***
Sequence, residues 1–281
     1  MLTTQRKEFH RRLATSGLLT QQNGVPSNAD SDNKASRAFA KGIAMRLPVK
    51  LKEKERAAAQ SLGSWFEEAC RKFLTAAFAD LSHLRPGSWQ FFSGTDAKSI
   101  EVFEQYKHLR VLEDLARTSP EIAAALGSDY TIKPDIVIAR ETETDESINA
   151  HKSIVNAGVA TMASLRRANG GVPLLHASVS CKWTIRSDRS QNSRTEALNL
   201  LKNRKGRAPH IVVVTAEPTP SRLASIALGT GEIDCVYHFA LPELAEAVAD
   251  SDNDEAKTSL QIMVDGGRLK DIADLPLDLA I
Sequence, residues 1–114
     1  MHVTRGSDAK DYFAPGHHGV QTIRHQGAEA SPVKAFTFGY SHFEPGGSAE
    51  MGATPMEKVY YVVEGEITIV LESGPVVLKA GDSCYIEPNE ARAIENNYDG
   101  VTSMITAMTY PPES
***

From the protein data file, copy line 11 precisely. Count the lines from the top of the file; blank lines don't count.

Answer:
   101  VTSMITAMTY PPES